Fairfax City Manager Edward A. Wyatt has proposed a $38.8 million budget for fiscal 1987 that calls for a 3 cent increase in the property tax rate to offset a decline in local business tax revenues and a spending increase in the city's capital improvement program.

If the proposed real estate tax rate of $1.16 per $100 of assessed value is approved by the City Council, property owners with a house worth $95,800, for example, would next year pay $1,111, an increase of $77.

Wyatt said he was uncertain about why revenues from the city's one percent tax on local businesses have declined this year. "We just can't pinpoint it," he said. "Perhaps people's shopping patterns have changed and they have gone toward regional malls."

Wyatt said the city's current business and residential community shows a total real estate assessment of more than $1 billion, a 9 percent increase in last year's overall property assessment of $950.3 million.

"This is a hallmark," Wyatt said Tuesday afternoon at a special budget presentation meeting. "We predicted last year, with our tremendous economic growth, that this would occur."

Wyatt proposed a 4 percent cost-of-living raise for all city employes and also recommended 19 new full-time positions, which would include, among others, city bus drivers, motorcycle and patrol officers, police dispatchers and auto mechanics for city vehicles.

Wyatt also proposed allocating $12.5 million to the city's school system to cover an estimated $10.8 million in tuition fees to Fairfax County, which operates the city's six public schools.

Because Fairfax City owns the school buildings, Wyatt included a 43 percent increase in funds for renovations and improvements to the facilities: a $240,000 multipurpose room addition at Jermantown Elementary School and, at Lanier Intermediate School, a $94,000 music room addition, a $125,000 home economics room and design fees for a new gymnasium.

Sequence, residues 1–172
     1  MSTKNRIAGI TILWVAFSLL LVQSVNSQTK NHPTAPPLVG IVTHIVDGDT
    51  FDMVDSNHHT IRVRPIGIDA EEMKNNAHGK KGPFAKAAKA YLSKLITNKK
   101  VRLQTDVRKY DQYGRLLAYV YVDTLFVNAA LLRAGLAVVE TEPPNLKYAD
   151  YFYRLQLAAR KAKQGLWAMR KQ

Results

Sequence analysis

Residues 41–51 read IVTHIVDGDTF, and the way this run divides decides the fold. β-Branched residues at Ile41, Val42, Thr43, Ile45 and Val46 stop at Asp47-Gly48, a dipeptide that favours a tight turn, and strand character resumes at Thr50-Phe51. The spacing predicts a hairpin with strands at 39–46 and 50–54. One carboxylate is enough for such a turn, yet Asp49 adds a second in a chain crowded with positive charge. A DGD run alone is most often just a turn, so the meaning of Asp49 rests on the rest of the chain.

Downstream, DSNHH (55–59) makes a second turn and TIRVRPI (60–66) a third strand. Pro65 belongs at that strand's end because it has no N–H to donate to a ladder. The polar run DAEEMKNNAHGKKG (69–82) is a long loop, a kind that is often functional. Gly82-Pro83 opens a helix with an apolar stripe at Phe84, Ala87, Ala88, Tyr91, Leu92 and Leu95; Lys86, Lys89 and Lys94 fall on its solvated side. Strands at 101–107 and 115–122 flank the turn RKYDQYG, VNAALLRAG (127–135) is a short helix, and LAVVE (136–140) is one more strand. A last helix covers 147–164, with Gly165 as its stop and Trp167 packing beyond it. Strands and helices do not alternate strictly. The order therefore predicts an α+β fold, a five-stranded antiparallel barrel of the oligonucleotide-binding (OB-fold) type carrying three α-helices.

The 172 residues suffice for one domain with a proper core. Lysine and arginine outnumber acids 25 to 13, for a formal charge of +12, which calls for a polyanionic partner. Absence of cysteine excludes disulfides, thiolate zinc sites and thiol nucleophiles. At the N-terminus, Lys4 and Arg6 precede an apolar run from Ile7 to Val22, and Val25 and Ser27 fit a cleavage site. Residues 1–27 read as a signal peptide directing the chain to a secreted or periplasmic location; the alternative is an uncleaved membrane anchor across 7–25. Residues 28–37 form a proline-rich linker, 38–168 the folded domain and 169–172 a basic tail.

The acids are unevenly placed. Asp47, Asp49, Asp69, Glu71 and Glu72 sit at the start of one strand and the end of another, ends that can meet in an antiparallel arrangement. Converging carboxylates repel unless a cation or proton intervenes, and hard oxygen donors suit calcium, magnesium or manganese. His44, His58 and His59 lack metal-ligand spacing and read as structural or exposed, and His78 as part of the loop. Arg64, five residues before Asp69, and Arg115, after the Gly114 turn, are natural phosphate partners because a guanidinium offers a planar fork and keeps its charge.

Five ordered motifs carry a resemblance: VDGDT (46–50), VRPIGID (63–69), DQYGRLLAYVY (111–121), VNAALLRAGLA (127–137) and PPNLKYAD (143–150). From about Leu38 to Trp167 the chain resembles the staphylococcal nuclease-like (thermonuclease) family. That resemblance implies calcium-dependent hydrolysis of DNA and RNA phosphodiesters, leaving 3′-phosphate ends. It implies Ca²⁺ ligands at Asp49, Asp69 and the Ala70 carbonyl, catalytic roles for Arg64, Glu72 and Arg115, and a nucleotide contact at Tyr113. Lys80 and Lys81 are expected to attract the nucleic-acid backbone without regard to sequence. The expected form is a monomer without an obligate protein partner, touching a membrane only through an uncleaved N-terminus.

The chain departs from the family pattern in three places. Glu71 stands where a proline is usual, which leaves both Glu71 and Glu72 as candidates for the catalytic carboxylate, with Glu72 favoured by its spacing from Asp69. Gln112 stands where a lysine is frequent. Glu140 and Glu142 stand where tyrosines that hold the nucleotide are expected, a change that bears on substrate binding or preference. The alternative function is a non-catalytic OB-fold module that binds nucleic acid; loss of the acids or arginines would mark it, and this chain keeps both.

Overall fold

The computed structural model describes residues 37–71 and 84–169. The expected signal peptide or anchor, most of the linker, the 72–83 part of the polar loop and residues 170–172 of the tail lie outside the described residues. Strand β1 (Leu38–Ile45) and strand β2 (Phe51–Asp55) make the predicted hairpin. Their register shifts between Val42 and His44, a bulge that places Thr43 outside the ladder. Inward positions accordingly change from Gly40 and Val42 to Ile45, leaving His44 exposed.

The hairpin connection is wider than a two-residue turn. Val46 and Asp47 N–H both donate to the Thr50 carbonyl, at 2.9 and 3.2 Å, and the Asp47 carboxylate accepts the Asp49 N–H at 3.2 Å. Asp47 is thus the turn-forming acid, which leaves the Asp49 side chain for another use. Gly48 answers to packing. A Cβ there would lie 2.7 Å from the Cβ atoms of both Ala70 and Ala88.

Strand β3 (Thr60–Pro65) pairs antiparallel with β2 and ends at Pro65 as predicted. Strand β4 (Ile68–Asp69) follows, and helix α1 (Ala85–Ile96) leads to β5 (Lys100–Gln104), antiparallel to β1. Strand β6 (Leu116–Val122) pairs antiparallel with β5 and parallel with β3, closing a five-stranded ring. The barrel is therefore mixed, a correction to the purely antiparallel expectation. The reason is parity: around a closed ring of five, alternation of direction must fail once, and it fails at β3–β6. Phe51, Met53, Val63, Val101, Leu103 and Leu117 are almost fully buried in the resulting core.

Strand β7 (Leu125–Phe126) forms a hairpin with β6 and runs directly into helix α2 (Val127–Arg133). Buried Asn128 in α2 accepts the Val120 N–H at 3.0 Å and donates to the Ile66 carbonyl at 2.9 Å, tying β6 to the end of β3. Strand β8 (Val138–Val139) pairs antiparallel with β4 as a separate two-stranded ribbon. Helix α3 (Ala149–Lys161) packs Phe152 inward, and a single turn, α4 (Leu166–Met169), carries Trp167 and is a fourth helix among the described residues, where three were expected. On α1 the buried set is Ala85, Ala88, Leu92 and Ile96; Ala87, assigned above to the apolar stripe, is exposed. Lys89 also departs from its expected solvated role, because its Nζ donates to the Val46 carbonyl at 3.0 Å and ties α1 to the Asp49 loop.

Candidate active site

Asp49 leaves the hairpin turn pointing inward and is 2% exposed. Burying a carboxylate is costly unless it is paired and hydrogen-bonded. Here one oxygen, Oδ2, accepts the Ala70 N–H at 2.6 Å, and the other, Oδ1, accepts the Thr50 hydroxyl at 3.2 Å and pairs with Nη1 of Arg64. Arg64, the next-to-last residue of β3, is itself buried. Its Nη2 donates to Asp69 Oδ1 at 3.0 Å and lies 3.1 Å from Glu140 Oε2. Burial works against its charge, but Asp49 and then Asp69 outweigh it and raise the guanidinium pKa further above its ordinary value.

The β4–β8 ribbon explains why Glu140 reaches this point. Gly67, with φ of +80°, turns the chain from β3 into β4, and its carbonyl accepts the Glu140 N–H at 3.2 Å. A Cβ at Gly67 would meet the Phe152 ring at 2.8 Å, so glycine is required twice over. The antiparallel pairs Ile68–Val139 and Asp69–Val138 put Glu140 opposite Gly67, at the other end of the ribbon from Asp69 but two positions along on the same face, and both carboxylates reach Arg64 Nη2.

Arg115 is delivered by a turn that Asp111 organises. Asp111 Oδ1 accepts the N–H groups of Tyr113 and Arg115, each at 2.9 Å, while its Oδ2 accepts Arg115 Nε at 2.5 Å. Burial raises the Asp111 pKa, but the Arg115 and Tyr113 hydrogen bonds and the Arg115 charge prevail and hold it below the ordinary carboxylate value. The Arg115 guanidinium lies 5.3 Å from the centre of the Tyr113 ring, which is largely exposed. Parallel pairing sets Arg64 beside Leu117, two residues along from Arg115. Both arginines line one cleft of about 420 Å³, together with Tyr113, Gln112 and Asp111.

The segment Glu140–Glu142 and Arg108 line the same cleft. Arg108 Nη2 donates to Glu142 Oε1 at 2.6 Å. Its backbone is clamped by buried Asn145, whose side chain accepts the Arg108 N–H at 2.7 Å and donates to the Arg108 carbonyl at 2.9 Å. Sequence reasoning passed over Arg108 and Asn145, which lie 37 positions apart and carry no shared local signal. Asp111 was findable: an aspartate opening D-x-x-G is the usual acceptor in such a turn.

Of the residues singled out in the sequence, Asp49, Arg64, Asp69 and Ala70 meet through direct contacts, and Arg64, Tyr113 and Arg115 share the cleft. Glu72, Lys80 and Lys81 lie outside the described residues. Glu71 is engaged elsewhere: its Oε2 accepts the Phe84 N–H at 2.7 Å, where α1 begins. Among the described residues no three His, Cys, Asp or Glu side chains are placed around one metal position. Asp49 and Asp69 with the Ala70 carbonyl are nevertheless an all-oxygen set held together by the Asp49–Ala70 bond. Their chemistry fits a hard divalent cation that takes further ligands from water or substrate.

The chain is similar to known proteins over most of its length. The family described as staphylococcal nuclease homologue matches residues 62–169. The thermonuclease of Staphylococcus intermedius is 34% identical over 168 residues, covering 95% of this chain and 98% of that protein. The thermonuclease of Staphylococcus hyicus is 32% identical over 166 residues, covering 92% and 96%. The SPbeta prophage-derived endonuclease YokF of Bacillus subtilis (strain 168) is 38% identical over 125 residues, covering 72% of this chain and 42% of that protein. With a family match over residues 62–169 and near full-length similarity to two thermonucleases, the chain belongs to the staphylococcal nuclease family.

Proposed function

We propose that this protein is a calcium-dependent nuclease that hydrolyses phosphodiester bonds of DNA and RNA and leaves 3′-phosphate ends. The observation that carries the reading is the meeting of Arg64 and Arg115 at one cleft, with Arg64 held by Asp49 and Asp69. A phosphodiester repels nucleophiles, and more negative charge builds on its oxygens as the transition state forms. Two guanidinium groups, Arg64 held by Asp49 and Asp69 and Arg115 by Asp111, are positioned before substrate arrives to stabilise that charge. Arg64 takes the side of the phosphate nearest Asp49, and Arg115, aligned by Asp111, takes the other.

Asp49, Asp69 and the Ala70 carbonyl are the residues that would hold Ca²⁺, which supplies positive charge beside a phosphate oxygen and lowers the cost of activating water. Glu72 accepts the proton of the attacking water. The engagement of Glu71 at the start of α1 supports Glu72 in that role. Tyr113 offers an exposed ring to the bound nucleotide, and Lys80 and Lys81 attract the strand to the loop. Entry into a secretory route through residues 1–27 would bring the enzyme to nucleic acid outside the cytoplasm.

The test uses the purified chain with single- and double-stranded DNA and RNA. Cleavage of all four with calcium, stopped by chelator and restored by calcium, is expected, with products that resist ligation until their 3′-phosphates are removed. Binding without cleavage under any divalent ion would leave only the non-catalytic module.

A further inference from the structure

Wyatt noted that the student population in Fairfax City has been "markedly reduced" and that city officials should carefully watch this enrollment trend. Officials were forced to close the John C. Wood Elementary School in 1983 because of declining student enrollment.

"We've lost 50 percent of our children population in our schools since 1977," Wyatt said. "The community is very much concerned about this trend . . . . We had hoped it had bottomed out."

He said he had "no intent" to close any more schools yet.

The city's transportation fund is another major expenditure outlined in the proposed budget, which represents a 6.8 percent spending increase.

This year Wyatt allocated only $828,543, a 26.7 percent decrease from last year's $1.23 million transportation program, because of the elimination of the city's independent commuter bus service, the Fairfax City Express.

Officials decided this year to drop the commuter service by June 30 and instead expand local bus system to serve the Vienna Metrorail Station, outside the city's northeastern edge. Wyatt said the new bus service will start when the Vienna station opens June 7.

Major projects included in the budget's $3.9 million capital improvement fund, which represents a 31 percent jump over last year's capital spending, are $980,000 for improvements to historic buildings, including Old Town Hall and Earp's Ordinary, the John C. Wood Municipal Complex and City Hall; $558,290 for recreation equipment replacement, landscaping and other improvements to the city's public parks, and $1.8 million for road and traffic improvement projects.

Public hearings on the proposed budget are scheduled for Tuesday and March 25, with action by the City Council set for April 8.